Introduction: Combination drug treatment in cancer therapy aims to improve response rate and decrease the development of drug resistance. The discovery of novel drug combinations is constrained by the cost and effort of carrying out large unbiased screens and is hampered by poor translation towards the clinic. We investigate if computational models combined with screening can more efficiently reveal synergistic combinations and improve translation towards the clinic. The models are based on three different biological views of synergy. First, compounds that exploit similar vulnerabilities in cancer cells frequently show synergy in a particular genetic context (targeted synergy, model 1) [1,2]. Secondly, drugs with non-overlapping resistance mechanisms often yield clinically relevant drug combinations (model 2) . Finally, drugs that mimic synthetic lethal interactions will often act synergistically (model 3) . Experimental procedures Oncolines™ is a panel of 102 genetically characterized cell lines from diverse tumor origins, on which proliferation assays are run in parallel in nine-point dose-response curves. In this cell panel we profiled 162 different cancer therapeutics, including many standard of care, chemotherapeutic agents, epigenetic modulators, and approved and pre-clinical drugs such as CDK4/6, ALK and PI3K-inhibitors . Cancer hotspot mutations and gene expression data were downloaded from the DepMap and CCLE databases. ANOVA and Pearson correlations were used to analyze the single agent response and genetic data in the statistical software R, to determine gene mutation (model 1) and resistance markers (model 2). For model 3, clinically relevant synthetic lethal pairs were combined with gene expression data . The methods were used to predict results from published synergy screens, e.g. DREAM  and results from an independent experiment (NTRC SynergyScreen™) in which fixed concentrations of the poly-ADP ribose polymerase (PARP) inhibitor niraparib and the BET bromodomain inhibitor JQ1, were combined with nine-point dose-response curves of 150 anticancer agents. Synergies were quantified using curve-shift and CI-index. Results: Using a cancer cell line IC50 profile of a compound (such as Oncolines™), all three computational models of synergy prediction can be applied. Method 1 is successful in predicting combinations that augment a targeted effect, such as combining BRAF and MEK inhibitors in BRAF-mutant cancer . Method 2 does not distinguish between additive or synergistic combinations but can identify clinically relevant combinations . For method 3, a tool was developed that computationally assesses if drug pairs can pharmacologically mimic clinically validated synthetic lethal interactions . This can predict DREAM data with a high AUC of 0.67 in a ROC curve. The tool successfully predicts synergy between niraparib and the SUMO inhibitor 2-D08, and niraparib and BCL2 inhibitors, which we observed in our screen. Conclusions: Computational tools for synergy have predictive value and can be useful to prioritize libraries for empirical combination screening. References:  Uitdehaag et al. (2015). PLoS ONE 10(5): e0125021.  Seashore-Ludlow et al. (2015) Cancer Discovery, 5: 1210-1223.  Palmer et al. (2017) Cell 171: 1678-1691.  Lee et al. (2018). Nature Communications 9: 2546.  Uitdehaag et al. (2016). Mol. Cancer Ther. 15: 3097-3109.  Menden et al. (2019) Nature Communications 10: 2674.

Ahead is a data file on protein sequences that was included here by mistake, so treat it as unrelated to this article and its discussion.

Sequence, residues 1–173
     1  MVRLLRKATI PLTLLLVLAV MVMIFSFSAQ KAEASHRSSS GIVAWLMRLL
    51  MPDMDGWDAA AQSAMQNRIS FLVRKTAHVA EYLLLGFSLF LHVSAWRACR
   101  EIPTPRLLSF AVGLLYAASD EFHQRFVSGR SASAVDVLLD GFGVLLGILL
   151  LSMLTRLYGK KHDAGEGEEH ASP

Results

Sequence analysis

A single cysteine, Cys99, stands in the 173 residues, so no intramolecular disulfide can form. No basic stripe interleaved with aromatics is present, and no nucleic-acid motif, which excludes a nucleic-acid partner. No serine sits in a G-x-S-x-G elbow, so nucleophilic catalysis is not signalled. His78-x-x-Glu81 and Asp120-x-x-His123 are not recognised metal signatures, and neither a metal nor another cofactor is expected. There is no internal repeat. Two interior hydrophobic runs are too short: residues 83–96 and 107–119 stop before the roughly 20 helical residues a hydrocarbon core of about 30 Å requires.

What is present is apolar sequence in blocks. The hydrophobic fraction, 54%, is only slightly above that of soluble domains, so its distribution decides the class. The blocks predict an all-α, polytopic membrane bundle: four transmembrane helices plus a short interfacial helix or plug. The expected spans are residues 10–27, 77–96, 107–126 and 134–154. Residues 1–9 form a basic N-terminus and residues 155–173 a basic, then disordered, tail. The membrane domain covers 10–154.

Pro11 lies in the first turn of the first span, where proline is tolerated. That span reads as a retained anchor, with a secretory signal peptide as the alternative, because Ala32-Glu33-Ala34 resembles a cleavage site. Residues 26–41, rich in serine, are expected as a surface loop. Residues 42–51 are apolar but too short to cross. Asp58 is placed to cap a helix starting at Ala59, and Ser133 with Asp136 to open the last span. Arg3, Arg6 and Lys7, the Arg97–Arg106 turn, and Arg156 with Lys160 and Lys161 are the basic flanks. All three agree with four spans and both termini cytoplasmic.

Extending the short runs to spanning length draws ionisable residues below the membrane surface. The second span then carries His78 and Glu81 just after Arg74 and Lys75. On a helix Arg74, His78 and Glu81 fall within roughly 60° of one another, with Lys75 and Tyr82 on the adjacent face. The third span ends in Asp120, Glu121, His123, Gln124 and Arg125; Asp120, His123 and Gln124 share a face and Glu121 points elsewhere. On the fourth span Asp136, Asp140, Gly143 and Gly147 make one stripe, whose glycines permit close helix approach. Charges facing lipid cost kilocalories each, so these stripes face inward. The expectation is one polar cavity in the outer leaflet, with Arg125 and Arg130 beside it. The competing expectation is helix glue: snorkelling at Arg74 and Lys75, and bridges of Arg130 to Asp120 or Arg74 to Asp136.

Citation Format: Joost C.M. Uitdehaag, Martine B.W. Prinsen, Derek W. van Tilborg, Jeffrey J. Kooijman, Jelle Dylus, Jeroen A.D.M. de Roos, Suzanne J.C. van Gerwen, Jos de Man, Rogier C. Buijsman, Guido J.R. Zaman. Computational models of synergy contribute to efficient combination screening [abstract]. In: Proceedings of the AACR-NCI-EORTC International Conference on Molecular Targets and Cancer Therapeutics; 2019 Oct 26-30; Boston, MA. Philadelphia (PA): AACR; Mol Cancer Ther 2019;18(12 Suppl):Abstract nr A141. doi:10.1158/1535-7163.TARG-19-A141